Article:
I was packing up my files yesterday and came across Keynes's "The Pure Theory of Money: A Reply to Dr. Hayek" (1931) - his reply to Hayek's critique of the Treatise on Money. So, of course, I stopped packing and reread it.
It's a very good piece. First, I think a lot of Austrians have this image of it as a cheap shot against Hayek but Keynes really makes the case that Hayek was the one that started with the cheap shots. Since Austrians are generally more interested in history of thought than Keynesians, that side of the story usually doesn't get told. The other thing that really impressed me was that the reason Keynes brought Prices and Production into the discussion was to make the point that Hayek was criticizing the Treatise under the assumption that Keyes agreed with him on several fundamental points, which of course he didn't (rendering a lot of Hayek's points moot). Keynes brought Prices and Production into it to highlight the very different approaches of the two men. And finally, what I liked was that even at that early point, Keynes was talking in terms of a liquidity preference theory of interest. He wasn't saying it quite as clearly as he would in 1936, but he was definitely going a lot farther than the leakage of money from the system due to hoarding, which is how a lot of people think about his position at this point.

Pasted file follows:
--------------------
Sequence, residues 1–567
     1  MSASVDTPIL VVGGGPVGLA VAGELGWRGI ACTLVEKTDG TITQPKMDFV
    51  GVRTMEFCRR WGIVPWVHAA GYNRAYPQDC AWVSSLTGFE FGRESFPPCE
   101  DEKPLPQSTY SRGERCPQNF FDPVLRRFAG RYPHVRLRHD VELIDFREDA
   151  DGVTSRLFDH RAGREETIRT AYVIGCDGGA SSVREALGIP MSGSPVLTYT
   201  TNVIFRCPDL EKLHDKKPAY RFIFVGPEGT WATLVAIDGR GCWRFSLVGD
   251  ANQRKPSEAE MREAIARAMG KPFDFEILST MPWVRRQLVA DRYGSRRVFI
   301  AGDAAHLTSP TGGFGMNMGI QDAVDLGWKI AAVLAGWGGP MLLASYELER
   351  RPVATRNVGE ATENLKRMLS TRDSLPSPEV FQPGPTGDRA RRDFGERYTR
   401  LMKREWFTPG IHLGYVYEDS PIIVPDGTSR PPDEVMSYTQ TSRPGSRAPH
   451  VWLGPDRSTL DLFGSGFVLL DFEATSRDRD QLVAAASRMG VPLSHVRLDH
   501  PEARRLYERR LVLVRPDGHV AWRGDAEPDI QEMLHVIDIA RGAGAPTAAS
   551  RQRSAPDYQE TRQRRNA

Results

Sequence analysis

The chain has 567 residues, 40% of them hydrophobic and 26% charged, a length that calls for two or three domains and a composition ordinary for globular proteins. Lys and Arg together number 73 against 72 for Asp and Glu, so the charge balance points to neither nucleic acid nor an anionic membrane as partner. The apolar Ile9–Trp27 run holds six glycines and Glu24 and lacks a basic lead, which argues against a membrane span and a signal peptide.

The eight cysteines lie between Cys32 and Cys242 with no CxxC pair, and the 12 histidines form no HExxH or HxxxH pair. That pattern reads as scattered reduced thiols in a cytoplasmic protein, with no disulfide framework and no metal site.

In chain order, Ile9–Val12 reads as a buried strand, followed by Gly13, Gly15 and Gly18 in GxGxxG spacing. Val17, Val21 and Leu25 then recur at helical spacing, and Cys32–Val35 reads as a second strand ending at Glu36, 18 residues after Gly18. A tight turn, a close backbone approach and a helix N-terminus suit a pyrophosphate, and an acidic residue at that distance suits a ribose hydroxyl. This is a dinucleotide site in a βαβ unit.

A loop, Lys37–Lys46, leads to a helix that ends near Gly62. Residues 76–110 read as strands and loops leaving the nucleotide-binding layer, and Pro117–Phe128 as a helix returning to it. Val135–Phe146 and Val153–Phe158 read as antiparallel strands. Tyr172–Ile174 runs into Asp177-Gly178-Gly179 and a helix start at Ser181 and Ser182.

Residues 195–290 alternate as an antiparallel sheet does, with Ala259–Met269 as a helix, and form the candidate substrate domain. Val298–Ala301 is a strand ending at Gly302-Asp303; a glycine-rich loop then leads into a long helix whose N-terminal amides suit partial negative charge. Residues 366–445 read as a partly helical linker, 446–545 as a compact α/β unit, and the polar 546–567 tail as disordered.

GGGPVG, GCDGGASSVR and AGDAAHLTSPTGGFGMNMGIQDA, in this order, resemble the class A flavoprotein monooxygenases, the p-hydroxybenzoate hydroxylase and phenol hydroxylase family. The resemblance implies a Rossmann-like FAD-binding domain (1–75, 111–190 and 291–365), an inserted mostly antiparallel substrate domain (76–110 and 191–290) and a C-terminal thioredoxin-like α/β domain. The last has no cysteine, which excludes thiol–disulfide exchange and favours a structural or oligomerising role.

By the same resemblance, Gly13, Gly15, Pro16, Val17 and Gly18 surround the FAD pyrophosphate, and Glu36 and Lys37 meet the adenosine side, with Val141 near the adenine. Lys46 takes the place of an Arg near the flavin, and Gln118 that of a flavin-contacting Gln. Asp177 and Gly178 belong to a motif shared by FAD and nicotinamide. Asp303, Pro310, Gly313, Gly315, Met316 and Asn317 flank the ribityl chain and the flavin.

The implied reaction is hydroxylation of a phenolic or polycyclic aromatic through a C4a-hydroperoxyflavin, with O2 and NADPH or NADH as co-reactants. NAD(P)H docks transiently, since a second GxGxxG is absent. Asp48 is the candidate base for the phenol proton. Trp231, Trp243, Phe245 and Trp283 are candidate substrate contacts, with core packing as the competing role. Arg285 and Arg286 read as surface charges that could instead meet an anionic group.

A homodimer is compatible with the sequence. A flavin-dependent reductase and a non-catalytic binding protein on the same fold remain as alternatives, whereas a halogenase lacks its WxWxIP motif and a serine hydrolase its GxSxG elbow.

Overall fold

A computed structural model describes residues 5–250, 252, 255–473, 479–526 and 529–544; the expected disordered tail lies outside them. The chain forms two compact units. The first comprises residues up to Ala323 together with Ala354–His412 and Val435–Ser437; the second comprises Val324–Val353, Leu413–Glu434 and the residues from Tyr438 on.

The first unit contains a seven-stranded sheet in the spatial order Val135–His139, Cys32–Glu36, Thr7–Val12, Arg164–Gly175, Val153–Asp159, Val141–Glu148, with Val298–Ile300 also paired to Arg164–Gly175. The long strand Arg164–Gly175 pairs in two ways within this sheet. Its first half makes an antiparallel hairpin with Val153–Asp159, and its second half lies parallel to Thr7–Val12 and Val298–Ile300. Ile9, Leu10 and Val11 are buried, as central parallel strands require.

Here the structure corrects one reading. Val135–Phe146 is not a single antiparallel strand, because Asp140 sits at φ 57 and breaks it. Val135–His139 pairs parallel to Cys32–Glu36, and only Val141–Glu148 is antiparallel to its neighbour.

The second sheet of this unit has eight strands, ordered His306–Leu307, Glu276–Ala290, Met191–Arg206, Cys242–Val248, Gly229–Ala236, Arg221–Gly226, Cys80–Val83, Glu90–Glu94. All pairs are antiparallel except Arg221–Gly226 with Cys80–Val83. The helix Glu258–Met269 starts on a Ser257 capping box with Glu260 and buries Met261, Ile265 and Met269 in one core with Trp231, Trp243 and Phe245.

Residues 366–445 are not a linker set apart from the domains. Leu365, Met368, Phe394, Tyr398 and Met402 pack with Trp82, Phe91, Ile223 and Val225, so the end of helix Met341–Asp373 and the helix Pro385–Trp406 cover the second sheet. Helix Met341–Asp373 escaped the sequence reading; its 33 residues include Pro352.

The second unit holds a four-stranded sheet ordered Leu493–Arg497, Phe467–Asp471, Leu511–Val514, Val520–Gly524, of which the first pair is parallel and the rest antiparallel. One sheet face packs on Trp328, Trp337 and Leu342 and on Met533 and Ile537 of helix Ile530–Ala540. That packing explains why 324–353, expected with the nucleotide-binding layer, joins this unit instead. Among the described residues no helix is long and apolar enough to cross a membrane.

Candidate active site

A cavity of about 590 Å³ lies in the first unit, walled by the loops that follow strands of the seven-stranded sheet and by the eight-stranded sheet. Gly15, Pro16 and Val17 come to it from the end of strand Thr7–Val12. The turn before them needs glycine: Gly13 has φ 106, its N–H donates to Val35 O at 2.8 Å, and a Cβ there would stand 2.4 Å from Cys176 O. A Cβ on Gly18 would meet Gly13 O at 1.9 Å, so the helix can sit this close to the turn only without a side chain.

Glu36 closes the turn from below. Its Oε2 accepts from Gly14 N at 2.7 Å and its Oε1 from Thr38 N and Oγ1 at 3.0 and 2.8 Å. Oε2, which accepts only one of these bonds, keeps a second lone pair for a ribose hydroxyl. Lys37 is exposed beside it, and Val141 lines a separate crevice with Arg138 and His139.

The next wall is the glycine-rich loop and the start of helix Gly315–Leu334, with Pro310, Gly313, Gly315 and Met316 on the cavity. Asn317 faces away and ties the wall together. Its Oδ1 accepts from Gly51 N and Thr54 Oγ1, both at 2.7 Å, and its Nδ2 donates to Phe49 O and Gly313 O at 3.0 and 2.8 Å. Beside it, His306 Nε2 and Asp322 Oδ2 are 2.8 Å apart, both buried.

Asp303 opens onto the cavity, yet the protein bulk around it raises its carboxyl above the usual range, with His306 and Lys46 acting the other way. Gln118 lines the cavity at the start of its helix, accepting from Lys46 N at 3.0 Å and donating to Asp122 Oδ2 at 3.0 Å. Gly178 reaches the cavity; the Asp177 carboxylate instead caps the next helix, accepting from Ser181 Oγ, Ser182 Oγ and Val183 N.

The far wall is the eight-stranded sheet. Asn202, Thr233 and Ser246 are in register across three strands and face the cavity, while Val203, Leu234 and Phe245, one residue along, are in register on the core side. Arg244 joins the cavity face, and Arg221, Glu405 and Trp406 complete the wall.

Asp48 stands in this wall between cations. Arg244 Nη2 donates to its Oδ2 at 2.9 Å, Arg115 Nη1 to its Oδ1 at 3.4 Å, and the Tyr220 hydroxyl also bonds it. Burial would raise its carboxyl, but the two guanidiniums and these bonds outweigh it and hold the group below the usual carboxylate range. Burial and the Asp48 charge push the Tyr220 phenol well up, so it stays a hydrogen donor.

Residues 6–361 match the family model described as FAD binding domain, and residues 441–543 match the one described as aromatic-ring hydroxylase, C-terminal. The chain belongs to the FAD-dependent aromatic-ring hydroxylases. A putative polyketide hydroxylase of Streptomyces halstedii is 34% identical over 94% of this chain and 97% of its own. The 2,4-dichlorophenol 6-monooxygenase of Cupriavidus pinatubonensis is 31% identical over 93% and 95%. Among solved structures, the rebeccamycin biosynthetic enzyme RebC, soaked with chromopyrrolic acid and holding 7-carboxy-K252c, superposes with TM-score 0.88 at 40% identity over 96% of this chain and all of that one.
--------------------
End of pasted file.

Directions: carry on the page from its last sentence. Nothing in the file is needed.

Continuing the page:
Hayek had a lot of the General Theory thinking in front of him in 1931, if he had any interest in engaging it.
Friday Night Music: Sarah Jarosz, House of Mercy
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